In March, Dr Ghule’s team started conducting door-to-door screenings in Lower Parel, Worli Koliwada and the western suburbs of Andheri and Goregaon. In July, when the Kalyan-Dombivli Municipal Corporation was setting up a Dedicated Covid Hospital in Dombivli, 1Rupee Clinic applied for the tender.
“No one else applied because they were scared. We already had our team ready,” Dr Ghule says. Now they run a 467-bed Dedicated Covid Hospital in Dombivli. Dr Ghule claims that in the almost two months that they’ve been running it, there hasn’t been a single fatality in his hospital. An achievement he points to his doctors’ timely and proactive treatment.
On September 3, Pandurang Raikar, a journalist passed away in Pune due to complications related to COVID-19. Raikar had developed a fever sometime in the third week of August but his swab test on August 22nd came negative. Yet his condition worsened irrevocably.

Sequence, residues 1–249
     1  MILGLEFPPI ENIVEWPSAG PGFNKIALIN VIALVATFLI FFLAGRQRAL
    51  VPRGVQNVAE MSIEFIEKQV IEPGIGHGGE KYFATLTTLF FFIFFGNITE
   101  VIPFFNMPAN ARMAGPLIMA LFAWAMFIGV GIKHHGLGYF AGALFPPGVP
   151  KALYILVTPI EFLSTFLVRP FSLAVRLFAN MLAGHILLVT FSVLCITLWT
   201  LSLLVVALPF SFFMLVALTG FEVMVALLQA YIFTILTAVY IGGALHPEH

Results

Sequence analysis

Dr Ghule read about the case and found out that Raikar was given an antigen test when the RT-PCR test is far more reliable. Dr Ghule also believes that if Raikar were treated as soon as he had developed symptoms, he would have survived.
But delays–both by patients in seeking treatment and by public and private hospitals in providing it–have weakened India’s fight against COVID-19.
Nowadays, Dr Ghule is running a tight ship. He travels from his home in Thane to Dombivli, 25 kms away, every day and works for 17 hours a day, treating patients and answering queries both online and offline. Over the past two months, his treatment modalities have changed, too. “We initially had a few cases that needed a ventilator, but since then we have learnt and grown,” he says. “When a patient comes in, we don’t wait. We immediately perform a CT scan to evaluate the extent of lung damage and treat accordingly.”
1Rupee Clinics were conceived to ensure that a person injured in a train accident didn’t miss out on the initial hour of treatment: the “golden hour”, a concept Dr Ghule has adopted for the treatment of COVID-19 as well.
“The initial 10 days are golden. Symptomatic patients must immediately seek treatment” he says. “After that, even God can’t save you.”